"2013 is the expiry date for the lucrative redundancy T & C's put in place 20 years ago to stop the aggressive takeover of Zeneca by Hanson"
This is a half-truth - there was no 'expiry date'. AZ would have changed T&C's already if they could.
AP in Cambridge will never open as R&D. Promise. In a year we will hear: "Ops there is no money for that".
apparently there are no changes to the redunancy packages till 2016. Not bad if you are pre 2006 then eh?
2013 is the expiry date for the lucrative redundancy T & C's put in place 20 years ago to stop the aggressive takeover of Zeneca by Hanson - is this coincidence ? Whatever the reality, having worked at several AZ R&D sites before leaving of my own accord, I can tell you AP was the worst by far - weird anachronistic place. The announcement this does not surprise me
AP will continue R&D for another couple of years. 2013 was the year the redundancy T&Cs were going to be reviewed. Does this mean that by the time people are leaving their jobs they will be getting the reduced payment?
To all ex-colleagues still at Alderley, just accept the reality that Astrazeneca don't want you anymore, thats why they are exiting.Take the redundancy money and run.To those at Macclesfield you have been spared for now but are living on borrowed time. its a question of when they close you and not if.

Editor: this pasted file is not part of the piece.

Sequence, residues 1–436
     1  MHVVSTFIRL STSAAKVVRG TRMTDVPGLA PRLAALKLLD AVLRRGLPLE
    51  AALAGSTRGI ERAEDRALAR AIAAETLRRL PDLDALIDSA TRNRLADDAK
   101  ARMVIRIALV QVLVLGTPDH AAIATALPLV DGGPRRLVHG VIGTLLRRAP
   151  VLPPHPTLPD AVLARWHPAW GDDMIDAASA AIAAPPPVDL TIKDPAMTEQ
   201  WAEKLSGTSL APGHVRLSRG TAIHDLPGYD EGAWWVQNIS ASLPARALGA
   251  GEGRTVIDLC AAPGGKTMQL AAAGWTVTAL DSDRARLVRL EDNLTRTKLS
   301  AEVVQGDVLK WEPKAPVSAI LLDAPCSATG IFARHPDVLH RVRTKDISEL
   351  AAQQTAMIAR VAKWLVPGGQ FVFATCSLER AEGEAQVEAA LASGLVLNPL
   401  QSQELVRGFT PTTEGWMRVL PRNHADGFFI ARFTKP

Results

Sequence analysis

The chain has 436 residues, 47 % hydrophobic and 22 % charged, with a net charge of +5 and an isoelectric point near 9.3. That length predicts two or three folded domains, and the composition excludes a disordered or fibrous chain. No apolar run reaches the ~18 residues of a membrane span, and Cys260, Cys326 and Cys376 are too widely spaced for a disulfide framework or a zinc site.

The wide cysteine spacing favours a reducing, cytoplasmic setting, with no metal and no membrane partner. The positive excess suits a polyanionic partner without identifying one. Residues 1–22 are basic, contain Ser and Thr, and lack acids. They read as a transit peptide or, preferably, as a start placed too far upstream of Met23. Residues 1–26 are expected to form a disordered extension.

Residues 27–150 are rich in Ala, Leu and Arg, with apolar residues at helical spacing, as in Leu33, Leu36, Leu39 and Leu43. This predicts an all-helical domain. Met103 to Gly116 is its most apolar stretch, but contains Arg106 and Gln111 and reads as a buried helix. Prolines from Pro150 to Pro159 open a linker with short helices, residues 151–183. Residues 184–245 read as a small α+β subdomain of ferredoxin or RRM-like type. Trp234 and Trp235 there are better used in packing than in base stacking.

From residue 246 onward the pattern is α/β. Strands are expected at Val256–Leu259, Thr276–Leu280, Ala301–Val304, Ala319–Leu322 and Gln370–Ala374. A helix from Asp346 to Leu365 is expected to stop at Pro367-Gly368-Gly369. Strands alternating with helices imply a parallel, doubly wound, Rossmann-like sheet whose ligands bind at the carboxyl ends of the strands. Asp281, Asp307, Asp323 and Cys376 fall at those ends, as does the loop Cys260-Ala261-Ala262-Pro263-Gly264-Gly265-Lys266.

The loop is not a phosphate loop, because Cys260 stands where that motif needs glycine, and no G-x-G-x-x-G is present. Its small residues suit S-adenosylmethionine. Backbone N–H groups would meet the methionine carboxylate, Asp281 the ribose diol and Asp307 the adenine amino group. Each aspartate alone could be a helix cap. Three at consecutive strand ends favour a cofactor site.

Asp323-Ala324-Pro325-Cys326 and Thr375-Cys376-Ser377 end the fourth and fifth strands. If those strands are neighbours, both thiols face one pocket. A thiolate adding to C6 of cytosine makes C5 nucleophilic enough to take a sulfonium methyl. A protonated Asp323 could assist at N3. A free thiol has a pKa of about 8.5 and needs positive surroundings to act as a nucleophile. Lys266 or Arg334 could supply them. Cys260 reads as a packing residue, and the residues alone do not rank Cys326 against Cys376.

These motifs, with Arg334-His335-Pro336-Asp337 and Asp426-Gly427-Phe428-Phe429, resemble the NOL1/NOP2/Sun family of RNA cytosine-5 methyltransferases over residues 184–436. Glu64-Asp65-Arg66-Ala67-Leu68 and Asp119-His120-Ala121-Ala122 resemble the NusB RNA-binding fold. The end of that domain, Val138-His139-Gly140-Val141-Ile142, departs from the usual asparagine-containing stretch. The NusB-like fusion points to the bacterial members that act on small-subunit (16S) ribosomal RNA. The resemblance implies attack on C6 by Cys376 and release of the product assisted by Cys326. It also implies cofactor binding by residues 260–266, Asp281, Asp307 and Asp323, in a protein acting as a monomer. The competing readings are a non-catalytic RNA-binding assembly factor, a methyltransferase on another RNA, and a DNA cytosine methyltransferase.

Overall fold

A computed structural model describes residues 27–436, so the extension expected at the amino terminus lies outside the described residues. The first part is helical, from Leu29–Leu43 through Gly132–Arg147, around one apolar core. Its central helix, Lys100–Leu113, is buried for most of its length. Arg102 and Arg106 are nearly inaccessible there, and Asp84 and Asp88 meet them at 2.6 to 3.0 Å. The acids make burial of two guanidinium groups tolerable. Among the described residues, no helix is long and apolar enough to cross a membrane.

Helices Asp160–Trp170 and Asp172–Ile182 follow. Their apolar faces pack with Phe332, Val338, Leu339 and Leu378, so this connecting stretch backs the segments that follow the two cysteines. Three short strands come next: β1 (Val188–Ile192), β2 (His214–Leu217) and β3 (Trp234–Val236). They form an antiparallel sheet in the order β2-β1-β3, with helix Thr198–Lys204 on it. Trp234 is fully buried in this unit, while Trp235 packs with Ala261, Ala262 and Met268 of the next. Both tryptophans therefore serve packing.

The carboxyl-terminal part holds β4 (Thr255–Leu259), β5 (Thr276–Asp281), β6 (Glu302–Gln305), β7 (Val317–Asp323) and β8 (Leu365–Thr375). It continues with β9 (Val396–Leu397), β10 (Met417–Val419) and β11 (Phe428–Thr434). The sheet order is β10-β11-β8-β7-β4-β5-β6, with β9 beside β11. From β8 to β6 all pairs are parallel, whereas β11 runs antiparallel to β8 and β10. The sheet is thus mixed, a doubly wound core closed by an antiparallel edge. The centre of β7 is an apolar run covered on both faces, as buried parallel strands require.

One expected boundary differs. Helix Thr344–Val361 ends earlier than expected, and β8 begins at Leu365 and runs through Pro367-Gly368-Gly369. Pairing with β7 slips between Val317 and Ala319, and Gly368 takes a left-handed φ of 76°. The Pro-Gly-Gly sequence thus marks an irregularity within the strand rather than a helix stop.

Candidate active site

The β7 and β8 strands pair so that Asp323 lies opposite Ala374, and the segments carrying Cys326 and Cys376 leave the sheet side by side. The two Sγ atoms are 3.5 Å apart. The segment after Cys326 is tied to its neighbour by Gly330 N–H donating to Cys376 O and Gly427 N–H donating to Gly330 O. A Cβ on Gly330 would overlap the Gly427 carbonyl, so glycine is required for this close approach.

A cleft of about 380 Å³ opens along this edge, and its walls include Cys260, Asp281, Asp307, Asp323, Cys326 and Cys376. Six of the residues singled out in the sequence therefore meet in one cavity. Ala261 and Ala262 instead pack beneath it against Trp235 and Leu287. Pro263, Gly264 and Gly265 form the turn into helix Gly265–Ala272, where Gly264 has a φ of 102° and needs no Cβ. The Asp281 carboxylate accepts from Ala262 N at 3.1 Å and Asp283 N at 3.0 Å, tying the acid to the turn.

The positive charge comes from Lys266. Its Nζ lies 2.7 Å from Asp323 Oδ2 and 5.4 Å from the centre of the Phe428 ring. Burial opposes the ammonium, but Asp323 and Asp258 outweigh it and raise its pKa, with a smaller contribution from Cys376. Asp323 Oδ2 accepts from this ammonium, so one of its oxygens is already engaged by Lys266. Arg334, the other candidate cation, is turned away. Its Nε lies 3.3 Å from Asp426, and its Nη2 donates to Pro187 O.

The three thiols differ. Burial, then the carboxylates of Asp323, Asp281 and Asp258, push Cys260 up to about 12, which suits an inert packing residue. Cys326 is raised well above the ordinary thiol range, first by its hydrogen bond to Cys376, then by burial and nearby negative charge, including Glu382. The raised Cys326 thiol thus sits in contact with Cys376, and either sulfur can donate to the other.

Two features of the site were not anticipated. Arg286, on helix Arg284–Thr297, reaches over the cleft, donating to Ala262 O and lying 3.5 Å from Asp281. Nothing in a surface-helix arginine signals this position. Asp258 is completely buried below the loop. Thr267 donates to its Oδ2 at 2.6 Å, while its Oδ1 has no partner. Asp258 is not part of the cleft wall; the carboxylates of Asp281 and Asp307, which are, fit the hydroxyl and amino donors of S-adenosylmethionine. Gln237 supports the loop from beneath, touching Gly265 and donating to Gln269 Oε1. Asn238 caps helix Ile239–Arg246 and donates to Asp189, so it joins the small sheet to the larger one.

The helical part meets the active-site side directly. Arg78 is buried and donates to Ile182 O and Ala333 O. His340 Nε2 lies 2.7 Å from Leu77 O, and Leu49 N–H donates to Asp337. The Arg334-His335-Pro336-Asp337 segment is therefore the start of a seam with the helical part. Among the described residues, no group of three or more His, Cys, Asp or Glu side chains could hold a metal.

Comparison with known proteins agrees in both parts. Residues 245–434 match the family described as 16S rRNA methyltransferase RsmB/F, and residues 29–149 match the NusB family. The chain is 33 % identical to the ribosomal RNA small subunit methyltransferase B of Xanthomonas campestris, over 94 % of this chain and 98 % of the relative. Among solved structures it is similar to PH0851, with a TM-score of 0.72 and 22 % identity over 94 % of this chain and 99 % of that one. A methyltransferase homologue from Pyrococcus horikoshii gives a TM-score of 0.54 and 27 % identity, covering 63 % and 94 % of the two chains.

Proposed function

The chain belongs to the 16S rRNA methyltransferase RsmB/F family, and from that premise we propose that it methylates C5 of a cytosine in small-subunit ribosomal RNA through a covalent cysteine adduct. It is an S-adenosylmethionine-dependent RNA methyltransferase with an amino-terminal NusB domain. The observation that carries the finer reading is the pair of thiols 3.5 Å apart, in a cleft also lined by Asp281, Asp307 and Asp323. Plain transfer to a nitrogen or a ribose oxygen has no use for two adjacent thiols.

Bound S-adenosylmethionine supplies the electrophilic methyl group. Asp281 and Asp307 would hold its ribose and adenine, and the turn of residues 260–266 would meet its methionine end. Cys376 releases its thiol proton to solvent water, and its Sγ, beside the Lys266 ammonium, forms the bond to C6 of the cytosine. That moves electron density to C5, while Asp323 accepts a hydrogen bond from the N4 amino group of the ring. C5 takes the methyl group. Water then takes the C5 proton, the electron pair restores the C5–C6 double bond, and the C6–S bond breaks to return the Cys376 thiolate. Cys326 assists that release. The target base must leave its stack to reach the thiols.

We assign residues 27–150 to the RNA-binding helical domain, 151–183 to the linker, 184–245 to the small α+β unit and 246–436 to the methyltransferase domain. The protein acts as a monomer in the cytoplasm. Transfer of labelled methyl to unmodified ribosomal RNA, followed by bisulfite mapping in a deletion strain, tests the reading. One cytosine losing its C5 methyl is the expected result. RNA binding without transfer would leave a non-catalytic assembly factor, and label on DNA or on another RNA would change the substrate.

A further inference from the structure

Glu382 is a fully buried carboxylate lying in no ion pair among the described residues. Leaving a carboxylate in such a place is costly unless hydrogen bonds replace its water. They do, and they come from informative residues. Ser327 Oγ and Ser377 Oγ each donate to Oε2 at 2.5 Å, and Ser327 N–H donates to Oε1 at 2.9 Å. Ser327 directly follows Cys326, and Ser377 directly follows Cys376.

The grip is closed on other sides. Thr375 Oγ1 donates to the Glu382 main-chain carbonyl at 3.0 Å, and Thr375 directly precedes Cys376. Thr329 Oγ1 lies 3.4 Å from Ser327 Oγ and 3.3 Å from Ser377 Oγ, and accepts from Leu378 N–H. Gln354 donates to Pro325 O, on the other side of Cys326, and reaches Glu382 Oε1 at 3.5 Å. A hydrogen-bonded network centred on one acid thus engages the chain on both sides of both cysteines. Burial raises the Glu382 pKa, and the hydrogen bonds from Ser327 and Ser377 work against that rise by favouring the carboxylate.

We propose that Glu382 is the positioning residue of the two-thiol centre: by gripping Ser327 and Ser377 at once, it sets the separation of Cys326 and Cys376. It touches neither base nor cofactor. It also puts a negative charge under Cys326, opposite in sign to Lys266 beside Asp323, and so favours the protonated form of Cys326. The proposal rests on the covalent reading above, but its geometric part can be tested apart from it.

In the webpage accessible via this link is another link to the presentation given to investors yesterday.
Its just frustration
the beatings will continue until morale improves......
Rank and file can only screw up if managemebt system is inept - anywhere, not just AZ
2 years on and the same BS.
....real scientists, the workers, the soldiers.... blah blah. You are the cynics that kill off any spark of innovation and now you have killed of your jobs.
Hear hear! The last few days has been my worst ever at AP. Not because of what was announced but by all of the BS moaning by the ground down scientists that would bring the company back to its former glory if only someone would have let them. Take a hard look in the mirror people!! - YOU SCREWED IT UP FOR THE REST OF US!!
All towns close to Cambridge
Related to the just announced $420M-plus deal just announced by AstraZeneca, perhaps someone should tell the CEO at AstraZeneca about U.S. Patent No. 8,278,036 entitled “RNA containing modified nucleosides and methods of use thereof,” which issued on October 2, 2012. As will be clear from reading the patent, that the use of modified mRNA comprising any of the various recited naturally occurring modified nucleosides to express a protein in human and other mammalian cells was invented and demonstrated for a variety of therapeutic and other uses by Drs Katalin Kariko and Drew Weissman of the University of Pennsylvania. As is well known by Moderna, this technology is exclusively licensed to CELLSCRIPT, INC.